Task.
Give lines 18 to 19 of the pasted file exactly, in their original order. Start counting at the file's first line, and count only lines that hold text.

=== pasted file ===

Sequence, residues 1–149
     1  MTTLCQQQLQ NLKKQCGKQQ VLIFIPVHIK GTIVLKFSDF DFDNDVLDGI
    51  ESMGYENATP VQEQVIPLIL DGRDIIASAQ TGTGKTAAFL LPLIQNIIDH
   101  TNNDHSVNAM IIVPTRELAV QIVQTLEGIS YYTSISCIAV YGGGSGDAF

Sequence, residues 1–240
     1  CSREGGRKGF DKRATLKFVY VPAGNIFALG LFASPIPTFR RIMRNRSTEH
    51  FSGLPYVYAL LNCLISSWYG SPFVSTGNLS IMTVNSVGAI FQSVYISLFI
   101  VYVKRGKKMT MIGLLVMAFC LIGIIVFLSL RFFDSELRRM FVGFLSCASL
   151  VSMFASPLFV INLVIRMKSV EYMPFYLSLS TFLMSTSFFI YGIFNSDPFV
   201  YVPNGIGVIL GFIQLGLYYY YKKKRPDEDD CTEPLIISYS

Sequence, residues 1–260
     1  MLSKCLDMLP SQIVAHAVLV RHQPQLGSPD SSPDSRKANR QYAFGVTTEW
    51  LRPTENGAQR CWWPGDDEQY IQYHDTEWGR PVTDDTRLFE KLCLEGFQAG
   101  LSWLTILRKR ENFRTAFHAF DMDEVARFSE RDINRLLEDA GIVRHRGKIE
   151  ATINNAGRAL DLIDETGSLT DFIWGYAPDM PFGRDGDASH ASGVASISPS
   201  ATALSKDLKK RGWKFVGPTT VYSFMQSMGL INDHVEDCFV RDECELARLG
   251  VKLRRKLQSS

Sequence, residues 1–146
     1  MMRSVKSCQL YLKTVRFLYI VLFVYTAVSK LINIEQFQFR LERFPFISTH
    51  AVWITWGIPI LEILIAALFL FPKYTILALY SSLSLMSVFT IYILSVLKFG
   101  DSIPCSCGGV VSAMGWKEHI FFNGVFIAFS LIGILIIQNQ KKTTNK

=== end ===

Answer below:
Sequence, residues 1–146
     1  MMRSVKSCQL YLKTVRFLYI VLFVYTAVSK LINIEQFQFR LERFPFISTH